And now I’m in court.
It seems, this is another unlearned lesson lesson from our past. Persecution for the spoken and written word, fabricated cases, a speedy trial, a belated insight: ‘How could it be? We didn’t know!’
During the years of Stalinist terror, my grandfather was accused of calling for the overthrow of the Soviet system, in the creation and strengthening of which he participated in the most direct way. Grandfather lived to see see his rehabilitation, after half a century.
I hope my rehabilitation will take much less time.
But for now, I’m here in the courtroom.
My criminal case is one of the first to be heard, but hundreds of such criminal cases have been initiated in Russia against my fellow citizens who think and speak out about what is happening. You destroy families. You break the young people’s lives.
And being here first, I speak for all of them who have not yet been brought to justice.
Several phrases I uttered at an everyday meeting of the Council of Deputies were examined under a microscope.
An investigative group of nine investigators has been formed, six of which are of ‘particularly important cases.’ The five experts are linguists and psychologists. They delved into my thoughts, trying to understand: what is really behind the opinion expressed by me to my fellow deputies on one of the issues on the agenda of the meeting. What was my secret meaning and hidden message? What is really behind these phrases of mine? They have compiled 120 pages of examinations.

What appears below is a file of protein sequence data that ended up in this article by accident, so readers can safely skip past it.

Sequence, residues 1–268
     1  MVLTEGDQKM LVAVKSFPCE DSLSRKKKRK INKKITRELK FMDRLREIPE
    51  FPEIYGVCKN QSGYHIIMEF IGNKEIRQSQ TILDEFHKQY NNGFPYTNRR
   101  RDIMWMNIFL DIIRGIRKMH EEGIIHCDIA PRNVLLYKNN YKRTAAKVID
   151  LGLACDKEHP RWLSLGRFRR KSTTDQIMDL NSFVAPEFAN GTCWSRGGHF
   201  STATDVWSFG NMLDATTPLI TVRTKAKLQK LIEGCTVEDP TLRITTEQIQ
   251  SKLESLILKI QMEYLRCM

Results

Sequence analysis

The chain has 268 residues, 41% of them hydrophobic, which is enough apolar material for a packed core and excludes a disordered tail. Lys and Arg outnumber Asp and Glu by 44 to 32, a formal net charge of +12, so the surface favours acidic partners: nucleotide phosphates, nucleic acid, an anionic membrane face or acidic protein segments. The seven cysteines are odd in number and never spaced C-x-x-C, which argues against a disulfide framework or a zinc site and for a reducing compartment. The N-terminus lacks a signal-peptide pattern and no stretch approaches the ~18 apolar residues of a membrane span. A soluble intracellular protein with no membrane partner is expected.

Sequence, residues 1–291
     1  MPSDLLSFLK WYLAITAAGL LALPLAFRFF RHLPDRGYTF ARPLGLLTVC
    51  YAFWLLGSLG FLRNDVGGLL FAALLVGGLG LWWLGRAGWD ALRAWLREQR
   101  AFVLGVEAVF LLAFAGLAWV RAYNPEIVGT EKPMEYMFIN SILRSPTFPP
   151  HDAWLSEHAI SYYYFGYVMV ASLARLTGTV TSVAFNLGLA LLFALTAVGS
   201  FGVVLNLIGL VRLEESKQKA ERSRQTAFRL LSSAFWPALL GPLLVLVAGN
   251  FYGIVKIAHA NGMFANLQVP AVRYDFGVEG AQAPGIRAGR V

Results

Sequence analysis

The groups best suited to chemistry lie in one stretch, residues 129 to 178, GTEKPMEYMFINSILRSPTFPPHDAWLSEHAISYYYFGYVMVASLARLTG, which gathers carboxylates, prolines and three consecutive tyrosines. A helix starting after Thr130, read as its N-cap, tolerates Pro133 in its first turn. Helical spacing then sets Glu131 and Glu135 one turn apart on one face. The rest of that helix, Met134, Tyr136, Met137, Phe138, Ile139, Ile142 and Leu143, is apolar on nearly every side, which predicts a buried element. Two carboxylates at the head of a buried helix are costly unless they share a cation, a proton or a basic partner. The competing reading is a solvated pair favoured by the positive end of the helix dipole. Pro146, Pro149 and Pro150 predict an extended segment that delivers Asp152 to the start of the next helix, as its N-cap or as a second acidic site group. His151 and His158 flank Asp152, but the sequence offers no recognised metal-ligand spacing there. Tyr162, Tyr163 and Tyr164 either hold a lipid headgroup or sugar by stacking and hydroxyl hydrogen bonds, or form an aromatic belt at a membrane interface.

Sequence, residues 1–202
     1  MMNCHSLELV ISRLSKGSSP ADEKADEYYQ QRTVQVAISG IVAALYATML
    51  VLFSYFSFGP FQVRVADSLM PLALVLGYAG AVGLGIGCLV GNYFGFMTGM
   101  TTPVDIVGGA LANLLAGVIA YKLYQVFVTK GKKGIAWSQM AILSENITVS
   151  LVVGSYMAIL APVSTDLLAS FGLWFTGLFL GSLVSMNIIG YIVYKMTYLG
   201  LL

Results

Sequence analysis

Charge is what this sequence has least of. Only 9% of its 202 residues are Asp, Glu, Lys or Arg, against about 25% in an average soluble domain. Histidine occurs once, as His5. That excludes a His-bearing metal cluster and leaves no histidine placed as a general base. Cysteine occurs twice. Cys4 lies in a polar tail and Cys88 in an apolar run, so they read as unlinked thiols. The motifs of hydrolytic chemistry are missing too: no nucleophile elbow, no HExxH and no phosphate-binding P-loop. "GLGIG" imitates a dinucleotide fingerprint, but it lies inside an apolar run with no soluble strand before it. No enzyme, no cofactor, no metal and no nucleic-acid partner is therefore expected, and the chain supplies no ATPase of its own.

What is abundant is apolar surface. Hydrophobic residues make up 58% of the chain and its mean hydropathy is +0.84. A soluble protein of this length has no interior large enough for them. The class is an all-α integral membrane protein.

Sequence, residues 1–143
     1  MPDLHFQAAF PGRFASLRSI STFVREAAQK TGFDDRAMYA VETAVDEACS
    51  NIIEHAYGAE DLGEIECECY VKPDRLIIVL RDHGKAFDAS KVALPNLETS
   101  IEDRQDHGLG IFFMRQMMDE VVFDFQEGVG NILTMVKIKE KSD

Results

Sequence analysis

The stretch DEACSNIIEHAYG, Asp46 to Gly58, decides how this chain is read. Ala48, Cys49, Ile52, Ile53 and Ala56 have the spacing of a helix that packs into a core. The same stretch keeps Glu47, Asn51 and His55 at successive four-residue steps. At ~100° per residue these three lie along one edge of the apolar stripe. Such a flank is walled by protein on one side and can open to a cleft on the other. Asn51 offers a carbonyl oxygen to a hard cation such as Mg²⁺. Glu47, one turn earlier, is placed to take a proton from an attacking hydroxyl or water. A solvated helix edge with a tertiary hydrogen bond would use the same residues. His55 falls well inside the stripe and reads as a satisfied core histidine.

Meanwhile, Article 29 of the Russian Constitution guarantees everyone the freedom of thought and speech – if we are not talking about the propaganda of hatred, enmity, superiority. Everyone has the right to freely seek, receive, transmit, produce and distribute information in any lawful manner. Freedom of the media is guaranteed. Censorship is prohibited. By Constitution.
In the days of the August putsch in 1991, I was also a councillor.
Together with other defenders, I was at the building of the Supreme Council of the Republic, the “White House”. We protected our future. Our right to live freely – which means to speak freely, to express our thoughts, to collect information and share it.
If they had said then that in thirty years I would be tried by a criminal court for my words, for my opinion, I would not have believed it.
The reasons for such a sad outcome, to which our society has succumbed, will require careful study and reflection by historians. They will require not only reflection, but also conclusions. It won’t be easy, but we will have to accept that war is war. We must rehabilitate the victims and try the perpetrators. We must restore the good name of our people, our country.
In the meantime, I wish our government prudence.
Wisdom to judges.
To all who are subjected to a new wave of repression: steadfastness, as well as to the Ukrainian people.
To myself, to become in the future Russian ambassador to Ukraine.
To everyone who supported me directly or at a distance, do not lose heart! I’m with you!”